Writers: Angela Cheng, Sasie Sealy
Stars: Tsai Chin, Hsiao-Yuan Ha, Michael Tow
Lucky Grandma screened as part of the Laugh strand at BFI London Film Festival - the synopsis of a retired woman who finds herself right in the middle of a gangland war in Chinatown, New York, definitely promised to be interesting. The film is also the debut feature from Director Sasie Sealy, who worked hard to get the film made independently with her co-writer Angela Cheng.
Grandma Wong (the veteran stage actress, Tsai Chin) gets on a Chinatown bus headed for the casino. Anyone who has ever graced one of those buses will be delighted with this sequence; the atmosphere, the people, the chaotic queuing and dinginess of it all; it's hilariously realistic and something to relish. Grandma has had her cards read and been told that today is her lucky day, so has taken out all of her savings in a bid to make enough money to stay in her apartment and not have to move in with her son’s family.
Wong wins big at the casino - only to lose it all. Seems that she’s a not-so-lucky grandma. When she gets back on the bus, the guy in the seat next to her has a heart attack and passes away. While she sits there in shock, his bag falls down on her lap. It's filled with money. It's serendipitous.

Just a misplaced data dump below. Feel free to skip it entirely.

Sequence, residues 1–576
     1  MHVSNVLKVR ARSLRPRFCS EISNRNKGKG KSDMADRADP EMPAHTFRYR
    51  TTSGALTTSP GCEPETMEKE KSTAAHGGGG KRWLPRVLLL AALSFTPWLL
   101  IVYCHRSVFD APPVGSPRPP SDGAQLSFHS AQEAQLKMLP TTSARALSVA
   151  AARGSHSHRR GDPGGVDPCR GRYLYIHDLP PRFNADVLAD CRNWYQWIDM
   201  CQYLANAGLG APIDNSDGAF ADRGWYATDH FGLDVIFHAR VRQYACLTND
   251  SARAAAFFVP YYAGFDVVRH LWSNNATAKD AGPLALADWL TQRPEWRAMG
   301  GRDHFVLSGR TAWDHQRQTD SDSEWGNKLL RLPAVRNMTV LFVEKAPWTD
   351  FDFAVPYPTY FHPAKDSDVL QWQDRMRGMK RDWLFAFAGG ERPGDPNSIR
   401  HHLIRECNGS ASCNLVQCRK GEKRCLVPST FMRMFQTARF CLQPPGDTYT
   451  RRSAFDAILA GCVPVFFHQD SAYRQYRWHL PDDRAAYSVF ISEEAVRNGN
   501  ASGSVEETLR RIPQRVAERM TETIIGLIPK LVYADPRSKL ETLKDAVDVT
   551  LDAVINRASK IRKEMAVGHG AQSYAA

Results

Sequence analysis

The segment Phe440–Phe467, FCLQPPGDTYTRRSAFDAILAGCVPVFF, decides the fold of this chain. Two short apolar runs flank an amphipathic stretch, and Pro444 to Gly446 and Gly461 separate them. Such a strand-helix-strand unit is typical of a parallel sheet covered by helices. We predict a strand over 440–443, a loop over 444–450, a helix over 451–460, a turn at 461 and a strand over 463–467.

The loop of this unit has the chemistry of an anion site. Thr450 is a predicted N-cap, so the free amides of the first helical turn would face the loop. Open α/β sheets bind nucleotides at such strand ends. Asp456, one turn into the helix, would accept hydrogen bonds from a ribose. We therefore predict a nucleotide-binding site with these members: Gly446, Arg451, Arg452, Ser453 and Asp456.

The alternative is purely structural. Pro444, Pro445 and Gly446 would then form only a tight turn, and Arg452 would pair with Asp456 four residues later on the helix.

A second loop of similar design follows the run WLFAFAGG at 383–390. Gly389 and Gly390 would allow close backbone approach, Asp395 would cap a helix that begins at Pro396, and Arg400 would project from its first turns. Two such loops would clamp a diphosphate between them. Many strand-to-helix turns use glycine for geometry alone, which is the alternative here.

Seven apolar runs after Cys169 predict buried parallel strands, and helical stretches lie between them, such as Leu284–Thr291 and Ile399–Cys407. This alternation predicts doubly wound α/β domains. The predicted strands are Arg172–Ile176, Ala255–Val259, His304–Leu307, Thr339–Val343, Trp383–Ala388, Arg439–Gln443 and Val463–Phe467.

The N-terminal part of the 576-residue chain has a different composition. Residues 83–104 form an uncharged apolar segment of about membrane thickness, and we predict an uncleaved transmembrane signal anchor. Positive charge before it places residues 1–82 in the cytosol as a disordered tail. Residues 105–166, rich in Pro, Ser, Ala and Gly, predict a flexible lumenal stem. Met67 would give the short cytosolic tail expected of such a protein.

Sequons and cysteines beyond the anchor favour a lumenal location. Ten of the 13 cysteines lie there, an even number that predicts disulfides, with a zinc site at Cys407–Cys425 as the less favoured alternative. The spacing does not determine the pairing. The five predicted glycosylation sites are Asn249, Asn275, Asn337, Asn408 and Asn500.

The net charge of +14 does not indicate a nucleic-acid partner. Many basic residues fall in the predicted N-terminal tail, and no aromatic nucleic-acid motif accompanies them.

Unfortunately the random guy on the bus was a mobster, and his gang family come looking for it. What ensues is a cat-and-mouse caper which sees Grandma enlist the help of a bodyguard after being ambushed in her home, and tangled further into a war between several gangs who are all after the same money. It's packed full of action, and enlists a full Asian-American cast that reflects the diversity of the New York scene, which is so refreshing to see on the big screen.
If you watch this film for one reason, it's to see Chin in a stand-out performance that is brilliant to watch unfold. Her unwavering self of self adds to the drama-die of the piece and you can't help but think about the combination of people in your own life who is like her. Likeable? I'm not so sure. She's so stubborn and un-moving, with only little flashes of warmth. Engaging? Absolutely. You can't take your eyes off of her.